- Eddie Murphy's head traverses the country in search of viewers for his new movie, Meet Dave.
- This...is just gross.
- If you don't want people to make fun of your goofy in-house video, don't send bloggers email attacking them for posting it. That's just dumb.
- Oops. Atlanta agency guy boinks college interns and gets home late for dinner. Accusatory emails ensue.
- Beyond Madison Avenue analyzes the theory of using monkeys in advertising.
- Writing for Animal, Copyranter continues his hatred for the Ketel One campaign and identifies a recent ad as one of the most annoying ads ever created.
Check out the Aquafresh interactive mobile, complete with virtual tooth-brushing games and free teeth cleaning duds.
The only thing that would make it cooler would be if you could step inside a giant mouth and bounce on its big foamy tongue while getting slightly high on a fresh-breath smell.
- On her grandparents' 50th wedding anniversary, a Millennial reflects on how the advancement of technology in the last century have made life different.
- To distract from its increasing irrelevance, the Yellow Pages is engaging in a few guerrilla stunts. Nothing we haven't seen before.
- Draft FCB is a new breed agency with great analytics. It's gonna transform this industry in a modern way -- and that means holistic offerings with a strong Return On Ideas, not to mention rad rock music and awesome whitewash camera tricks. And then we choked on our rapidly-escaping brain cells and died. From George "Fuck Louie, that's some 'Analytics' you've got there!" Parker, via MTLB.
- Some mothers want John McCain to keep their babies out of war. Others are begging him to take theirs. (Via.)
"Dude ... I think the tennis player in that ad just totaled your car with his oversized ball."
"Sucks, man. Wanna play tennis?"
"Sure. But before we go, let's buy proper footwear at K-Swiss."
Orchestrated by TriBeCa for the Roland Garros French Open in Paris. More photos here and here.
Fun facts: Maybe because it's French, TriBeCa calls it "ambush marketing," not "guerrilla marketing," and the goal was to create a "Wahoo Effect."
I'm not really sure what "Wahoo" is ("Yahoo" without the awkward "Yang" association?), but maybe it has something to do with how people open their mouths and make no noise when they see something like, say, a car smashed by a giant tennis ball.
Via the hip cats at in:fluencia.
I knew this webmaster who was out in the forest one night with her digicam, taking shots of the landscape, when suddenly she realized there was something in the picture that wasn't there in real life.
"It was a UFO," she insisted, "just floating in the sky, perfectly still. And I could only see it in the photos I took."
I called bullshit at the time. But since then, Julius von Bismarck -- a seriously Che Guevara-looking dude -- invented the Image Fulgurator. It senses when a flash goes off, then projects an image onto the pictures people took.
See it in action.
Remember when Half.com and the DISH network got two towns to rename themselves after their brands? It's a terrible move for the high school football teams, but consider the perks! -- free computers, free cable, free money? You might change your name too.
With help from agency Cenergy, Jolt got Barrow, Alaska to change its name to Jolt. The town got neither cash nor technology in exchange. They got cans of Jolt on June 20, the longest day of the year.*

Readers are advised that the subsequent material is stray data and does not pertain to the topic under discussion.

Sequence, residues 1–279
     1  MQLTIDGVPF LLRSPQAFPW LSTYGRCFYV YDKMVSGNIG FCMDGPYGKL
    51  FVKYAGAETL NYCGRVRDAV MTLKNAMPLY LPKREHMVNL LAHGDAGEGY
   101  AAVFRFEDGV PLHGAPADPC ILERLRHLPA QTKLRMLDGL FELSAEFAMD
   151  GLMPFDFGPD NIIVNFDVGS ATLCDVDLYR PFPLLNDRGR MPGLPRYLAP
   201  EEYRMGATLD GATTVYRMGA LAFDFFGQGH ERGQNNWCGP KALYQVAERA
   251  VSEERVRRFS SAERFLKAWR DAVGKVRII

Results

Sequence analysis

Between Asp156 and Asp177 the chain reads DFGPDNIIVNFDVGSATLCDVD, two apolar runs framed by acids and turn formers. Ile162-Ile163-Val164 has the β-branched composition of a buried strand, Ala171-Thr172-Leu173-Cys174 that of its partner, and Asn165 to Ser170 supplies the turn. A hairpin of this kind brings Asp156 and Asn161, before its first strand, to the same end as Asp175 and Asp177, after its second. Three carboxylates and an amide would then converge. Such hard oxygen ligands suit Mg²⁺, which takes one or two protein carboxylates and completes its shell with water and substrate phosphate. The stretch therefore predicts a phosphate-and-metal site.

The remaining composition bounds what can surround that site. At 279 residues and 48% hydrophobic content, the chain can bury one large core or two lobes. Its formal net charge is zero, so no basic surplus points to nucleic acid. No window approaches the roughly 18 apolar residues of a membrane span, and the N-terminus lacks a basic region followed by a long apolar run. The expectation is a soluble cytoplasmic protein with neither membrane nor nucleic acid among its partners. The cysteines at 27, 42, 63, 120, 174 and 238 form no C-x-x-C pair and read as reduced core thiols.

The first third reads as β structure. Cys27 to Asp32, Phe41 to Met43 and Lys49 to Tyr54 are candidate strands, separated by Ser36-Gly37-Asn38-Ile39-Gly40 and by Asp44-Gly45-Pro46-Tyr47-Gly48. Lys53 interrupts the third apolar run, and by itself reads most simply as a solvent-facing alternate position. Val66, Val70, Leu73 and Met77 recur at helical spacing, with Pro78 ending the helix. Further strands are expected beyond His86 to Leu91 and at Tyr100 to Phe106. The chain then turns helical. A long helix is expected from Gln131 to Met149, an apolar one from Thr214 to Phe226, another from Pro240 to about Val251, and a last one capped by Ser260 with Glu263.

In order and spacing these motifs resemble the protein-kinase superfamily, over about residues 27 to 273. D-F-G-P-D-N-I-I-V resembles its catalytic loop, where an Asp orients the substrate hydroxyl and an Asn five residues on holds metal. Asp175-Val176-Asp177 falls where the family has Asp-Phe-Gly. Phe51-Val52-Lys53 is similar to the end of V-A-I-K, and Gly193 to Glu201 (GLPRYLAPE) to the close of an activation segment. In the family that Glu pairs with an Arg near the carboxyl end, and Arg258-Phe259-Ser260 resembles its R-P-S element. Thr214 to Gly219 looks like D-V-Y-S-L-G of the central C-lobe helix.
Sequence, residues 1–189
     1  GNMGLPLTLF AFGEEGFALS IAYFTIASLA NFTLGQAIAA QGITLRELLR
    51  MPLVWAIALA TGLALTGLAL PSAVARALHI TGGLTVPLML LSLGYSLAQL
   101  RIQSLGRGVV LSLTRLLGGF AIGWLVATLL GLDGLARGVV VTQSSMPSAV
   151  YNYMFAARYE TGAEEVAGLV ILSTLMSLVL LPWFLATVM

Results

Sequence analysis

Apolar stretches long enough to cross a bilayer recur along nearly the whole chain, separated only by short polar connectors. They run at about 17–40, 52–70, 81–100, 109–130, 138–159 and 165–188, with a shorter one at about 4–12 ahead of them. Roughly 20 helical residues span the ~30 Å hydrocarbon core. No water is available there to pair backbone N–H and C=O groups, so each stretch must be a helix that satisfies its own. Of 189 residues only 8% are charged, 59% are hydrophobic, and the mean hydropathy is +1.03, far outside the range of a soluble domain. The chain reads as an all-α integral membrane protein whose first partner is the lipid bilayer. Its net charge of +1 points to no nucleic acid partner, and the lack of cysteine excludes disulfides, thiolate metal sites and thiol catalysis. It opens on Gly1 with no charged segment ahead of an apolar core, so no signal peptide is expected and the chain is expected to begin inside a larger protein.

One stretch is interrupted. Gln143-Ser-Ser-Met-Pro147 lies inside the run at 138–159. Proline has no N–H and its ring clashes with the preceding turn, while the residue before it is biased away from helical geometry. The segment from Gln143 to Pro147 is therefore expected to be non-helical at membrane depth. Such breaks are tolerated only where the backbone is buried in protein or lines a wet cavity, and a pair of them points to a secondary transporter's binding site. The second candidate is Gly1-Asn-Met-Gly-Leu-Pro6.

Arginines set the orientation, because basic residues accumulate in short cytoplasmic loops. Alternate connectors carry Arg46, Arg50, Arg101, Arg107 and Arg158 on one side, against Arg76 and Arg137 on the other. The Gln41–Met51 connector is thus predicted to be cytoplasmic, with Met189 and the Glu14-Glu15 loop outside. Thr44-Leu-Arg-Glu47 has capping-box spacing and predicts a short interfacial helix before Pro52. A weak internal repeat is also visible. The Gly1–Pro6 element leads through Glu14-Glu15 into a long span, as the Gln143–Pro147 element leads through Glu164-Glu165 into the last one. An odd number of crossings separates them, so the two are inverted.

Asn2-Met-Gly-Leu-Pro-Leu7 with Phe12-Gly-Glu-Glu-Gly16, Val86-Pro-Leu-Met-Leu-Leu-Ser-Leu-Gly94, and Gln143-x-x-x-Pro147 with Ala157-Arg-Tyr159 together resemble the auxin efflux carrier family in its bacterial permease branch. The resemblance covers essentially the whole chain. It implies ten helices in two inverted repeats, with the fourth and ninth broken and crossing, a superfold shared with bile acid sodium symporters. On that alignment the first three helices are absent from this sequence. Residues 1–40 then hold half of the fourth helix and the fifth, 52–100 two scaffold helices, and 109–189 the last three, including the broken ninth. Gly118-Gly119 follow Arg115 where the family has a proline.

That lowered the standards significantly.
At left is a shot of some Barrow/Jolt townies with their fancy new moniker. The man in blue is the Mayor. Don't they look energized?
To promote its clothing line, fledgling brand NEWYORKESE poured American dollars* onto attendees of Pitti Immagine Uomo, a major fashion event.
The dollars featured the NEWYORKESE logo and the phrase "Tu vuo fa l'americano ma si Made in Italy" -- "you want to be American, but you were Made in Italy" -- the title of a song by Renato Carosone.
CEO Gianfilippo Fontana of NEWYORKESE called the effort part of a "low budget advertising campaign." She added, "Thankfully the dollar exchange was very affordable."
Don't thank us, honey. Thank the Big Man in Office.
- matrixx pulls a fast one: to score coverage for a cross-promotion between Vespa, Subway and Get Smart, it produced a write-up for us. "Please do feel free to use or rewrite the whole thing," the matrixx rep said generously. What a nifty guy. And here we were thinking we had jobs to do.
- David and Goliath put together Jack's Track, a racing game that makes the most of Jack Daniel's NASCAR sponsorship.
- MoveOn says this anti-McCain ad is its most effective ad EVAR. It involves a baby. Meh.
- Bun in the oven? Learn how to troubleshoot.
- What a strange way to market a cola. I'm disgusted. But also sold.
To promote his new book, Cognitive-Behavioral Therapy, author Tao Lin has placed stickers around New York which say, simply, Britney Spears. Apparently, his intended hipster audience will make the connection.
Last June, Gawker pretty much trashed Lin's similarly strange promotional tactics for some earlier books by posting some of his creepy emails.
Flash back to this year and Gawker recently found the door to its offices plastered with Britney Spears stickers in an apparent retaliation for Gawker's less than kind (though totally warranted) words.
Hmm...so is Tao Lin an impetuous child or brilliant marketer?
Did you ever watch the musical episode of Buffy? The one where people randomly leap into choreographed song-and-dance, betraying all their innermost thoughts and secrets, before bursting into flames?
This is kind of like that. Except there aren't any random combustion deaths, and bystanders are offered 50 percent off theatre tickets at LastMinute.com.